KAUST DepartmentBiological and Environmental Sciences and Engineering (BESE) Division
Permanent link to this recordhttp://hdl.handle.net/10754/562044
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AbstractApple (Malus× domestica Borkh.) was used as a model to studying essential biological processes occurring in mature fruit hypanthium, commonly referred to as the fruit flesh or pulp, a highly active tissue where numerous metabolic processes such as carbohydrate metabolism and signal transduction occur. To understand the complex biological processes occurring in the hypanthium, a proteomics approach was used to analyze the proteome from freshly harvested ripe apple fruits. A total of 290 well-resolved spots were detected using two-dimensional gel electrophoresis (2-DE). Out of these, 216 proteins were identified representing 116 non-redundant proteins using matrix-assisted laser-desorption ionisation time-of-flight mass spectrometry (MALDI-TOF MS) and either the MASCOT or ProteinProspector engine for peptide mass fingerprinting (PMF) database searching. Identified proteins were classified into 13 major functional categories. Among these, the energy metabolism class was the most represented and included 50% of proteins homologous to Arabidopsis proteins that are involved in the response to biotic and abiotic stresses, suggesting a dual role for these proteins in addition to energy metabolism. We also identified dynein heavy chain in the hypanthium although this protein has been proposed as absent from angiosperms and thus suggest that the lack of dyneins in higher plants studied to date may not be a general characteristic to angiosperm genomic organisation. We therefore conclude that the detection and elucidation of the apple hypanthium proteome is an indispensable step towards the comprehension of fruit metabolism, the integration of genomic, proteomic and metabolomic data to agronomic trait information and thus fruit quality improvements. © 2011 Elsevier GmbH.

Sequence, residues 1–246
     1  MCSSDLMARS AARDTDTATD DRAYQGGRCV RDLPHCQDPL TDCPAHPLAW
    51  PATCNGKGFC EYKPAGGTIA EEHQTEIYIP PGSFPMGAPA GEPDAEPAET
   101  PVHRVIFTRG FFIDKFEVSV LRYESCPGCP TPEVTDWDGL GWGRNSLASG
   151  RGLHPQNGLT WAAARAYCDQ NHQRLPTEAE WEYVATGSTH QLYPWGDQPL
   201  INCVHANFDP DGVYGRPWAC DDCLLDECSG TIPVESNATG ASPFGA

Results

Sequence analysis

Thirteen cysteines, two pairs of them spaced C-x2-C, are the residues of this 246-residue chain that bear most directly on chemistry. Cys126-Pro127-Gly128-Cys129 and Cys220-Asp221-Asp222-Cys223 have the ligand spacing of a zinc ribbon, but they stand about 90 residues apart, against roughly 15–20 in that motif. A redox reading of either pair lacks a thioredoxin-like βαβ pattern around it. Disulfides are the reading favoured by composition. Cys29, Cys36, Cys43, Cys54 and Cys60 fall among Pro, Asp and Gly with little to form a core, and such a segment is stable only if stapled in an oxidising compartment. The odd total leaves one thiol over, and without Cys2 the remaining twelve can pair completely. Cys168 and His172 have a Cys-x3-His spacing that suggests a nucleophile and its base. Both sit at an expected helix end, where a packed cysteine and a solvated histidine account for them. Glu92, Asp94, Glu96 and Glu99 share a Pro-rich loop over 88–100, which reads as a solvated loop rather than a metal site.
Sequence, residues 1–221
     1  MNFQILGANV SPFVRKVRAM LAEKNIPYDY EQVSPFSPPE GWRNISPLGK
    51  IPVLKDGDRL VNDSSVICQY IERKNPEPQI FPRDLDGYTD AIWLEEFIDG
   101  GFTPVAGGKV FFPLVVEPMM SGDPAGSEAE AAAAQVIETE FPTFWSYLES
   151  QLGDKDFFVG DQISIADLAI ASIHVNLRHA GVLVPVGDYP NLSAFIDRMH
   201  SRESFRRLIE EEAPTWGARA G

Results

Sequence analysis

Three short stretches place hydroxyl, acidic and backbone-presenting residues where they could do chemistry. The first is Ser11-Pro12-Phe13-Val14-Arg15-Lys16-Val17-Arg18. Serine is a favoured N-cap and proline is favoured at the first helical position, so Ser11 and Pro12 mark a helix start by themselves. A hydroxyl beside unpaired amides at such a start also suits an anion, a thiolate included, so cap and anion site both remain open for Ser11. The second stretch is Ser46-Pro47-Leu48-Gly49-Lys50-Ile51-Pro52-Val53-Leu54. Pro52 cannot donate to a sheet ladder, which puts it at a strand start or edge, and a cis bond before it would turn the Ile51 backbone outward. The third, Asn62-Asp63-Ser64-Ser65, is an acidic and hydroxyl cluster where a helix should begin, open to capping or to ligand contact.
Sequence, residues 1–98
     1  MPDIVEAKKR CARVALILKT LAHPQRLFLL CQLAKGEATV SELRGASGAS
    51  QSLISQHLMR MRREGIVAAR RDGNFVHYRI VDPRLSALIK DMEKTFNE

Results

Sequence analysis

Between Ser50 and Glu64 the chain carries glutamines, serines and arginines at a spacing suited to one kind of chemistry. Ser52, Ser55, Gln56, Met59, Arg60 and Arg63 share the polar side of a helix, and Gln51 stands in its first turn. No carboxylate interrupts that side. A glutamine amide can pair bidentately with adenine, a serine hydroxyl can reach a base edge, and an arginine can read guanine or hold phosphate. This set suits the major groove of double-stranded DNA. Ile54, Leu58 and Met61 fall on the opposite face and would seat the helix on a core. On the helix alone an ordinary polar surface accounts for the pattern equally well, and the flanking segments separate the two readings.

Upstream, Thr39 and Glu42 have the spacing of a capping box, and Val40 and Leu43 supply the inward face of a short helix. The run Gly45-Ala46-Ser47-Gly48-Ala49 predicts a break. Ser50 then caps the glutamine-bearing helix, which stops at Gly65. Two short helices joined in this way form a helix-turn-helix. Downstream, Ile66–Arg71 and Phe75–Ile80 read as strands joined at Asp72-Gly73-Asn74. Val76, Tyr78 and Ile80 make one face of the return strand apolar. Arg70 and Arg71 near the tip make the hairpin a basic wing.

CitationMarondedze, C., & Thomas, L. A. (2012). Insights into fruit function from the proteome of the hypanthium. Journal of Plant Physiology, 169(1), 12–19. doi:10.1016/j.jplph.2011.10.001
SponsorsThis work was supported by grants from the Agricultural Research Council and Technology for Human Resources for Industry Programme, South Africa. The authors wish to thank Prof. Christoph Gehring for critically revising the manuscript and the Department of Biotechnology, University of the Western Cape, South Africa for assistance with proteomics equipment used in the study.
JournalJournal of Plant Physiology
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